I could probably end the article right there, but perhaps I should elaborate.
After winning the World Series MVP, Hideki Matsui has drawn praise from Masanori Murakami, the first Japanese-born player to play in the MLB.
Murakami stated that "Ichiro Suzuki has had many accomplishments, but they've all been in the regular season. As the first Japanese to win an MVP in the World Series, this is a great accomplishment for Matsui and will have a huge impact."
You have got to be kidding me.
I'm not trying to take anything away from Matsui, who hit .613 (8-13) with three homers and eight RBI in the '09 World Series, six of those coming in the Game Six clincher.
But seriously, Matsui winning the World Series MVP doesn't trump all of Ichiro's accomplishments.
Ichiro played pro baseball in Japan from 1992-2000, collecting 1,278 hits, a .353 career batting average, seven Gold Glove awards, and three league MVP awards.
Matsui had a similar career in Japan. He played from 1993-2002, recording 1,390 hits, a .304 career batting average, 332 home runs, 889 RBI, three Japan Series titles, a Japan Series MVP, and three league MVP awards. He also earned the nickname "Godzilla", at first for his skin problems, but the nickname stuck due to his reputation to hit balls off the Tokyo Dome ceiling.
So, comparing their NPB days, Matsui had a slightly better career.
Ichiro made the jump from NPB to the MLB in 2001 by signing a contract with the Seattle Mariners. After not expressing interest in a uniform number, he was given No. 51, which had previously been worn by Randy Johnson.
Ichiro vowed not to bring dishonor to the number.
Ichiro led the league with a .350 batting average, 56 stolen bases, 738 plate appearances, and 242 hits, earning him both AL MVP and AL Rookie of the Year honors. He also won his first Silver Slugger award, and the first of nine consecutive Gold Gloves. He quickly became reputable for his strong arm in the field, like after he threw out Terrence Long who tried to advance from first to third after a single to right field.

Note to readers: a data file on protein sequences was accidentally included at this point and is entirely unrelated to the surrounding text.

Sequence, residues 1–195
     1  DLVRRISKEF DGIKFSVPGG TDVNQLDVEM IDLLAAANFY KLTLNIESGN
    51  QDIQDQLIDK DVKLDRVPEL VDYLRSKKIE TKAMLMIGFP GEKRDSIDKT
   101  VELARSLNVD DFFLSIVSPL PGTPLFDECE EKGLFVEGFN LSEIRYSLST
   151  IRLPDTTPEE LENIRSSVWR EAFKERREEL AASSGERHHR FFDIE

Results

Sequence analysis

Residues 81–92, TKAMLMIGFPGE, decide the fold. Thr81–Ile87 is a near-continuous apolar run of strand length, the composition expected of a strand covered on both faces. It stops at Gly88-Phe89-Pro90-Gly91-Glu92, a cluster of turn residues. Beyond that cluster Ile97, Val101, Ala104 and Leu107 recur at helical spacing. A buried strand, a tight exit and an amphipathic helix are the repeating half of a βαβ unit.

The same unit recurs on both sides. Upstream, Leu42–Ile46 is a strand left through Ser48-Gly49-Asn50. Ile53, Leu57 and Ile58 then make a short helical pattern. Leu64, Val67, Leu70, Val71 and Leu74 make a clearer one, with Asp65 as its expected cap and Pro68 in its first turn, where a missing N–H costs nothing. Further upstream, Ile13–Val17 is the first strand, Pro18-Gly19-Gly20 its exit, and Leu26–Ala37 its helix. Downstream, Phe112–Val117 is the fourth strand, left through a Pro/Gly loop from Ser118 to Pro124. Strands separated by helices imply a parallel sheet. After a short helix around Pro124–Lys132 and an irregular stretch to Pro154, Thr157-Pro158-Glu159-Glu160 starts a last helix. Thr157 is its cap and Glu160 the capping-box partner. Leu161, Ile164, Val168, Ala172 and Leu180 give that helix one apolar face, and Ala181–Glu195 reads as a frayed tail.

The Mariners began selling Ichirolls (sushi) at Safeco Field, and Japan began organizing U.S.A. tours around the Mariners schedule so that tourists could see Ichiro play.
Matsui decided to follow suit in 2003 after turning down a $64 million, six-year deal with the Yomiuri Giants.
Matsui was signed by the New York Yankees, where he led the league with 163 games played, and started his MLB career with 518 consecutive starts. He finished second in AL Rookie of the Year voting, and was fourth among AL rookies with 16 home runs.
Ichiro has become a star in the MLB, starting in nine consecutive All-Star games, winning nine-straight Gold Gloves, and leading the league in batting average twice (.350 in 2001 and .372 in 2004).
He also set the single season hits record with 262 in 2004 and has led the league in hits six times (finishing second the other three years), never recording less than 206 in one year. He's compiled the most hits by any player since 2001 (2,030 in MLB, giving him 3,308 total professional hits), won three Silver Slugger awards ('01, '07, '09), and an All-Star Game MVP.
He has finished in the Top-25 in MVP voting eight times and has led the league in singles nine consecutive years. Ichiro has become so famous that, according to his agent Tony Attanasio, you can write Ichiro on a package, mail it to Japan, and he will get it at his house.
Matsui, on the other hand, has become an afterthought.
Not living up to the expectations set by Ichiro, Matsui quietly has a .292 career batting average, with two All-Star appearances, 140 home runs and 597 RBI. He hasn't led the league in anything except games played (2003-05).
After helping New York clinch its first World Series title since 2000, the Yankees rewarded Matsui with...nothing. Matsui recently signed a one-year deal with the L.A. Angels.
I'm sure that Murakami was very excited, proud, and patriotic (and maybe even a little tipsy) when he said that Matsui's World Series MVP trumps anything that Ichiro had done.
But Matsui now joins players like Scott Brosius, John Wetteland, and Pat Borders as guys whose greatest accomplishments have been becoming World Series MVP afterthoughts.
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